DAY 4: What Jesus' Resume Tells Us
The Gospel of Matthew begins its Christmas story not with the familiar “Once Upon a Time”, but with an ancient resume, his genealogy. Unlike a modern resume in our individualistic culture that lists what we alone have accomplished, a genealogy of that time acknowledges that who we are is in large part a result of our family background. We don’t live in a vacuum; our families heavily influence who we are and who we become. These genealogies (common during that time) were attempts to demonstrate one’s significance and character by listing those important people who came before. What is interesting about Jesus’ resume is that it lists 5 women. This was unheard of at the time since women didn’t have any legal standing and by all intents and purposes treated like property in the first century. Those women listed are Tamar, Rahab, Ruth, Bathsheba (although her name is not listed, she is indicated as “the wife of Uriah”), and Mary.
What’s even more interesting are the stories around the three of these women. Tamar was prostitute, Ruth was a foreigner, and Bathsheba the wife of another man. Wrap you mind around that for a second … Jesus’s resume listed a prostitute, a foreigner, and a woman who participated in adultery. God flips our expectations of who has value and welcomes all into his family, quite literally. When we want to judge others for the mistakes they make or because of whom we think they are, God welcomes them, no matter who the world says they are.
This “resume” also tells us that the Christian life is not about good advice, but about “good news!” Some would argue that if only you do certain things and live in such a way, you will gain salvation. But the follower of Christ knows that this just isn’t so. David, the greatest King of Israel is listed in the genealogy, but his most appalling act is alluded to in his sending Uriah to the front lines of a battle where he would most likely die, so that he could take Bathsheba as his wife. This is certainly not advice that should be taken. The good news for us is that it doesn’t matter who you are or what you do, you can always be met by the grace and love of God. You can be in the family! That is how Matthew starts his Christmas story and its Good News indeed!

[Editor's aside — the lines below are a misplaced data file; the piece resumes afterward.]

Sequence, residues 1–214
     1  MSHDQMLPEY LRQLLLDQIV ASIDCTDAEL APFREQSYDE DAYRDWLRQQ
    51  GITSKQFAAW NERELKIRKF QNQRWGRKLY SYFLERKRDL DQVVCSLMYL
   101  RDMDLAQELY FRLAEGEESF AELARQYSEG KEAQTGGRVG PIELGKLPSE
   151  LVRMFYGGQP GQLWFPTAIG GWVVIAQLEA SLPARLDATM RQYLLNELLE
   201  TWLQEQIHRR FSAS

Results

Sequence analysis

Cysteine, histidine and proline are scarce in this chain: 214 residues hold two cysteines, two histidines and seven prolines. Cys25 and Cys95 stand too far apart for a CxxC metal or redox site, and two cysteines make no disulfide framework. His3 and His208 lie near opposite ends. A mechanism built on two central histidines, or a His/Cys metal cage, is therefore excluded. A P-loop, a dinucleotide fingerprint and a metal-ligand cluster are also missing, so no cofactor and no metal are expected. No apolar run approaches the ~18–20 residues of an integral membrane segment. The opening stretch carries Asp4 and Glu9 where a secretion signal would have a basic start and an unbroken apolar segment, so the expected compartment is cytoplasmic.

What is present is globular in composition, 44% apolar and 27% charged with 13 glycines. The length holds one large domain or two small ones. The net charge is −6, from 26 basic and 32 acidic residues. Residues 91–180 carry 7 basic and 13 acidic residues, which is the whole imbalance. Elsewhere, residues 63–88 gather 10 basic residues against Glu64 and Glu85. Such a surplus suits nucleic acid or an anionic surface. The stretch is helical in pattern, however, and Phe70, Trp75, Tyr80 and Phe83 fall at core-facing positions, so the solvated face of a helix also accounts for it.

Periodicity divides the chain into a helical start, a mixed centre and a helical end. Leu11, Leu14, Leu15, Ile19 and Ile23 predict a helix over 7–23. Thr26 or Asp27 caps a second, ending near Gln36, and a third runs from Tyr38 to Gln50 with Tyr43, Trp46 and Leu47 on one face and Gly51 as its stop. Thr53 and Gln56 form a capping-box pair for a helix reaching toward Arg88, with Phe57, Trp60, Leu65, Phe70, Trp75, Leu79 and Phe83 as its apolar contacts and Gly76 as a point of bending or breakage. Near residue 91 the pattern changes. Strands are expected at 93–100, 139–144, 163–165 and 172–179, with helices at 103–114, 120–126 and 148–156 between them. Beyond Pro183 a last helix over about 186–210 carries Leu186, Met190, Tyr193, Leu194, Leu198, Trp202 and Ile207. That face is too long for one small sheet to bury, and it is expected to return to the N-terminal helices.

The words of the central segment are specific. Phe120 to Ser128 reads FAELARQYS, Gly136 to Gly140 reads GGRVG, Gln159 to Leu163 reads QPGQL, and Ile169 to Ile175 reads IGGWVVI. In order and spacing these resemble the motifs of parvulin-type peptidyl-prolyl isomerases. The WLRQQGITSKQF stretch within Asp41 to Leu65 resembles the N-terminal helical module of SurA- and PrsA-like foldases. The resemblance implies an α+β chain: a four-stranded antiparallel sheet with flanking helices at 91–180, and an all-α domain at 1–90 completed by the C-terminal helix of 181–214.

Painting by Merle Hugues, "Ruth in the Fields" (1876).
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I'm a follower of Christ, husband, father, friend, pastor, story teller, asker of questions, inspired by biblical narratives, social justice advocate, sports enthusiast, drinker of over priced coffee and general seeker of God's redemptive possibilities. Yeah, that about covers it. (If you discover something else, let me know!)